As stated earlier in this chapter, security cannot be an afterthought, and security under Red Hat Enterprise Linux is more than skin-deep. Authentication and access controls are deeply-integrated into the operating system and are based on designs gleaned from long experience in the UNIX community.
For authentication, Red Hat Enterprise Linux uses PAM -- Pluggable Authentication Modules. PAM makes it possible to fine-tune user authentication via the configuration of shared libraries that all PAM-aware applications use, all without requiring any changes to the applications themselves.
Access control under Red Hat Enterprise Linux uses traditional UNIX-style permissions (read, write, execute) against user, group, and "everyone else" classifications. Like UNIX, Red Hat Enterprise Linux also makes use of setuid and setgid bits to temporarily confer expanded access rights to processes running a particular program, based on the ownership of the program file. Of course, this makes it critical that any program to be run with setuid or setgid privileges must be carefully audited to ensure that no exploitable vulnerabilities exist.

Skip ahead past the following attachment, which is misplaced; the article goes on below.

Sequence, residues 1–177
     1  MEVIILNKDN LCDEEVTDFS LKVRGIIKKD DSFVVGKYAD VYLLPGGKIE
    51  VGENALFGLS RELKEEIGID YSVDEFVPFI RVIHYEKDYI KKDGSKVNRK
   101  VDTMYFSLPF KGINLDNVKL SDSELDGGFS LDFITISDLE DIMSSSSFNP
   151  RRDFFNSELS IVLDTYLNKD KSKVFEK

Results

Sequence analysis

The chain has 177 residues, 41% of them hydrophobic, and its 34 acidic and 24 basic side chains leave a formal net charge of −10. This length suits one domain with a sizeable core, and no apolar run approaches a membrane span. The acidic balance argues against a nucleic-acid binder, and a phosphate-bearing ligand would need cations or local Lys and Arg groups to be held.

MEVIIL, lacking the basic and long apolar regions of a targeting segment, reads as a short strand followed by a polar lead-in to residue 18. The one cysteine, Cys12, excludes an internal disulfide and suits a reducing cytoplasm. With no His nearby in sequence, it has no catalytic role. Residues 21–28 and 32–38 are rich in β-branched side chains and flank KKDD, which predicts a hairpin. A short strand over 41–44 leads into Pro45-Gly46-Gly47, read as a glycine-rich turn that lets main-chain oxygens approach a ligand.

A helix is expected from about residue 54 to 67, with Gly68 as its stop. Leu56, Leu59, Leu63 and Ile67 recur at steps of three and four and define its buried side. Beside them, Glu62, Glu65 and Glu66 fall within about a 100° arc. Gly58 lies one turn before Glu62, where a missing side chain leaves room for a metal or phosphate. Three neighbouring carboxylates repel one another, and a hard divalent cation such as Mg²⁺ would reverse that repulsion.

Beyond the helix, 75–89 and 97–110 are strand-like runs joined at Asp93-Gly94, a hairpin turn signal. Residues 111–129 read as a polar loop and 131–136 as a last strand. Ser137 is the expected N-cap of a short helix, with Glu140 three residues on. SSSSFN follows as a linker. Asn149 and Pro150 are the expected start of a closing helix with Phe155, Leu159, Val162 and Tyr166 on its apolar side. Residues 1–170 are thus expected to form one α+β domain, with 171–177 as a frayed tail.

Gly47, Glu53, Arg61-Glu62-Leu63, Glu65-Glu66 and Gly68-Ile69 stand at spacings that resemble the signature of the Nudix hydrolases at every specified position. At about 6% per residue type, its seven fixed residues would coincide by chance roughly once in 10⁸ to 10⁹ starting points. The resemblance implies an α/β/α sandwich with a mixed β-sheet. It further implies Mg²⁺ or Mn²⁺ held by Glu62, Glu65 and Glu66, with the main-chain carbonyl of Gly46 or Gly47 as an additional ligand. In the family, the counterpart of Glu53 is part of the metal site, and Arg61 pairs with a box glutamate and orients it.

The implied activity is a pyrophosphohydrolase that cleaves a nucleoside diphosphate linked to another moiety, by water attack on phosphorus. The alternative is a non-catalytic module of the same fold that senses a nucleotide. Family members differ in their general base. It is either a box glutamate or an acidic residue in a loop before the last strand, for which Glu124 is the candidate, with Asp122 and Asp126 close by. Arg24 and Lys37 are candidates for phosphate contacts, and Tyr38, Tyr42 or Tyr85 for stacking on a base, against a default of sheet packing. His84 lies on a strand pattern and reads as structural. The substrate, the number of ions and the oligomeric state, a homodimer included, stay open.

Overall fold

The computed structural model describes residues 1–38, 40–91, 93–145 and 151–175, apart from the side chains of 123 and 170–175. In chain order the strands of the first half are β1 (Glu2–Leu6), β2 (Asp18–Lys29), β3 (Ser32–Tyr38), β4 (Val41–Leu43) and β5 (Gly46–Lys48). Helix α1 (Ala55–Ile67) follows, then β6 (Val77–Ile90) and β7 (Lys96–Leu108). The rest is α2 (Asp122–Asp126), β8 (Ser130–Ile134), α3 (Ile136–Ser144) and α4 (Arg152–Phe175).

Red Hat Enterprise Linux also includes support for access control lists. An access control list (ACL) is a construct that allows extremely fine-grained control over what users or groups may access a file or directory. For example, a file's permissions may restrict all access by anyone other than the file's owner, yet the file's ACL can be configured to allow only user
bobto write and group
financeto read the file.
Another aspect of security is being able to keep track of system activity. Red Hat Enterprise Linux makes extensive use of logging, both at a kernel and an application level. Logging is controlled by the system logging daemon
syslogd, which can log system information locally (normally to files in the
/var/log/directory) or to a remote system (which acts as a dedicated log server for multiple computers.)
Intrusion detection sytems (IDS) are powerful tools for any Red Hat Enterprise Linux system administrator. An IDS makes it possible for system administrators to determine whether unauthorized changes were made to one or more systems. The overall design of the operating system itself includes IDS-like functionality.
Because Red Hat Enterprise Linux is installed using the RPM Package Manager (RPM), it is possible to use RPM to verify whether any changes have been made to the packages comprising the operating system. However, because RPM is primarily a package management tool, its abilities as an IDS are somewhat limited. Even so, it can be a good first step toward monitoring a Red Hat Enterprise Linux system for unauthorized modifications.